If you’re living with depression, “How to prevent depression?” is the question of the ages. Well, you can’t pull that off without knowing the source. Newsflash! Scientists have found it.
You awoke one morning in gastrointestinal misery. So you crawled to the medicine cabinet – avoiding any glance at the toilet – and found something that looked as though it might provide relief.
You didn’t know the specifics of what it was or how it worked. For that matter, you didn’t know the source of your misery. Nonetheless, you opened the bottle and down the hatch it went. Lucky you – it did the trick.
Sadly, isn’t that how it is with remedies for the emotional/mental health disorders? We most often take whatever it is, prescribed or over-the-counter, that’s said to work – even though the scientists that came up with it have no clue as to why.
If we’re lucky, we hit paydirt (still, what’s the negative fallout?). Not so fortuante? On to the next experiment. Pretty doggone frustrating, isn’t it?!
So here’s the “Duh!” observation of the year. Scientists need to discover the root cause – the source – of the emotional/mental heatlh disorders – and come up with interventions in-kind to effectively treat them.
Hmmm – as it applies to depression, they did! The first part, anyway…
Living with Depression|How to Prevent Depression: The Hedgehog Pathway
Led by Dr. Christoph Anacker, researchers at King’s College London’s Institute of Psychiatry just discovered the key molecular highway to depression. The fascintating and very hopeful news was published in the journal Neuropsychopharmacology.
The highway even has a name – the hedgehog pathway. And it regulates how stress hormones, typically elevated during episodes of depression and stress, reduce brain cell quantity.
Now, doesn’t it make sense that depression could be caused by an inability of the brain to generate new (replacement) neurons? By the way, the amazing process at play here is called neurogenesis. Okay, recent research has confirmed it. Thing is, though, no one knew the key pathway involved with anything having to do with neurogenesis. Until now.
Dr. Anacker and team studied human stem cells – the very source of new brain cells. Their mission was to investigate the impact of stress hormones on their development. Again, it’s known that stress hormones – the biggie being cortisol – are typically elevated during episodes of depression and stress.
In their lab work, the team discovered that stem cells were damaged by high concentrations of cortisol. In-turn, quantities of newbie brain cells were reduced. Enter the hedgehog pathway. The team went on to confirm that exposure to stress actually inhibited its work. So it’s this signalling mechanism that’s responsible for all things neurogenesis. Wow!
Okay, so to test their findings the team used a compound known as purmorphamine – a known stimulant of the hedgehog pathway. The result? The impact of the damaging effects of stress hormones was reversed. And that normalized the production of new brain cells – neurogenesis.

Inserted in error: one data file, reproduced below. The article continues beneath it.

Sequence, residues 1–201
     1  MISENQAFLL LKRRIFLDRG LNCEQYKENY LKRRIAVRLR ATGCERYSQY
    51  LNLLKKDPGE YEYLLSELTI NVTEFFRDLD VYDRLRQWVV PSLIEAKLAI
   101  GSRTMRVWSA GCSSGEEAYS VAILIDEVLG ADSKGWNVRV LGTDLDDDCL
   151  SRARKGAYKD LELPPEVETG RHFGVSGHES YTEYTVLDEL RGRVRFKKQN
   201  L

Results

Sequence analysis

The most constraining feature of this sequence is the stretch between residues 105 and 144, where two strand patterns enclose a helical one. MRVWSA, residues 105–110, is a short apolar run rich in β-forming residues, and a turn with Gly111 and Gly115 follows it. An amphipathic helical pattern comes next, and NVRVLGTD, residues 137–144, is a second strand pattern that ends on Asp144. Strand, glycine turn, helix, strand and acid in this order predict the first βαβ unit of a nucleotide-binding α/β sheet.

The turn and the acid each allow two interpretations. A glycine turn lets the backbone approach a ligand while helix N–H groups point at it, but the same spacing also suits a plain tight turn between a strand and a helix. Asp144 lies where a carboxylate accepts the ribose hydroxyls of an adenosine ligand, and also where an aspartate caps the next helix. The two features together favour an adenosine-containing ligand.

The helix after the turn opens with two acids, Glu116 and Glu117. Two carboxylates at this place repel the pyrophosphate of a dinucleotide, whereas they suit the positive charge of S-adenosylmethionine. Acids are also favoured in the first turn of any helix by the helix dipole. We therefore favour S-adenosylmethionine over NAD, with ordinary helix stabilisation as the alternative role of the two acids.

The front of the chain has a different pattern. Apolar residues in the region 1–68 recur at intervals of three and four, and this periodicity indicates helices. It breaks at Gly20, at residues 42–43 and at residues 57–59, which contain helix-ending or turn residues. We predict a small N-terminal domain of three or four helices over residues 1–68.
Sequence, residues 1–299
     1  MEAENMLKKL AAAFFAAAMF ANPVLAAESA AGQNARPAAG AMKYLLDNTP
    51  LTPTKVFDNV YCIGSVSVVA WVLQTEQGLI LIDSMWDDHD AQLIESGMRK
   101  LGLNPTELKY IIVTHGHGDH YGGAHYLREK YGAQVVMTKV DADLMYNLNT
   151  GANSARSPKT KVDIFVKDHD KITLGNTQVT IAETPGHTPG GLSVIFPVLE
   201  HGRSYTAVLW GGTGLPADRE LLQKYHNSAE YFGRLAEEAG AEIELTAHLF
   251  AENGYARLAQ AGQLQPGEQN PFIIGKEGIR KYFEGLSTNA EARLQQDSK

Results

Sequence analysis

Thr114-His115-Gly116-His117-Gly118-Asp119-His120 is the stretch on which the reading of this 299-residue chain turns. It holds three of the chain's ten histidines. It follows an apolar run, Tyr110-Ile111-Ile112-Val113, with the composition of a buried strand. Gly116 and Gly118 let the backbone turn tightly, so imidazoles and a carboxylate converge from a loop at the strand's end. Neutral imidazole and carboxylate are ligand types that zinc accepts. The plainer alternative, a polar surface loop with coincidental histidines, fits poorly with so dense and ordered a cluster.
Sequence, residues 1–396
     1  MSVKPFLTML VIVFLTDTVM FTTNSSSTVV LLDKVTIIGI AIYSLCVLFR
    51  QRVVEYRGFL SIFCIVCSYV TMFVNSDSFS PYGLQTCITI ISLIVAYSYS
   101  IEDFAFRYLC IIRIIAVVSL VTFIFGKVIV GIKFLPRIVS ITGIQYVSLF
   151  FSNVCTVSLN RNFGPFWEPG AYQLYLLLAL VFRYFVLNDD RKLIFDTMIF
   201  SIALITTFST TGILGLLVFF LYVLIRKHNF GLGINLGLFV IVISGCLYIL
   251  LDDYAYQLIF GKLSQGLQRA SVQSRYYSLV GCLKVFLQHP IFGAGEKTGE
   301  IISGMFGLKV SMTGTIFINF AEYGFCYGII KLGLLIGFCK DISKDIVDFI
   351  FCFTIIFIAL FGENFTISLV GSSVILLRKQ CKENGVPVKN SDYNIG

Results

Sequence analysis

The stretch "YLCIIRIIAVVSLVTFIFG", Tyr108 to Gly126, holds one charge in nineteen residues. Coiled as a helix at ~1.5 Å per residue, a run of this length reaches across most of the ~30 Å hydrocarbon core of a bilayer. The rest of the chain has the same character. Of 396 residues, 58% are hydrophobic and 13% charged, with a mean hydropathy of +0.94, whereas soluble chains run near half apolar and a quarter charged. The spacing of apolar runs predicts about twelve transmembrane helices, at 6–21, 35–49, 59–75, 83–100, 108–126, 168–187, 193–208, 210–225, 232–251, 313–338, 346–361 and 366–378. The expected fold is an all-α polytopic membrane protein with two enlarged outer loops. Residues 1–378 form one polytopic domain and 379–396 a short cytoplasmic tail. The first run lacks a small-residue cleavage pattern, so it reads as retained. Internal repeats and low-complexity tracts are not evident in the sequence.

According to Anacker…
By decreasing the number of new-born cells in the human brain, stress hormones damage many important brain functions and may contribute to the development of depression after a period of chronic stress. By inhibiting the Hedgehog signalling pathway, stress hormones reduce the development of immature “stem” cells into mature “brain” cells.
With as much as half of all depressed patients failing to improve with currently available treatments, developing new, more effective antidepressants still remains a great challenge, which makes it crucial to identify new potential mechanisms to target.
The discovery of antidepressants has so far been mainly by serendipity. Developing a drug with a defined effect on the brain, such as increasing the number of new-born brain cells, and with a clear target, such as Hedgehog signalling, will allow us to develop much more specific antidepressants in the future.
How strong is that?
Living with Depression|How to Prevent Depression: Hope
Can you imagine a day when taking a medication for an emotional/mental health disorder is a “slam-dunk,” because it directly addresses the true source? Well, it’s research like Dr. Anacker’s that will get us there.
Take heart in knowing impactful research is taking place. Sure, I know the availability of indicated medical interventions will take a good deal of time. However, there’s at least some comfort in knowing that helping us get better is at the top of someone’s priority list.
If you’re living with depression, “How to prevent depression?” is most likely all you think about. The answers are coming, okay?
image credit scientopia.org
Thanks to sciencedaily.com for the resource material.
Plenty of Chipur articles on The Biology of Depression, Anxiety, and Bipolar Disorder and Meds, Supplements, Devices
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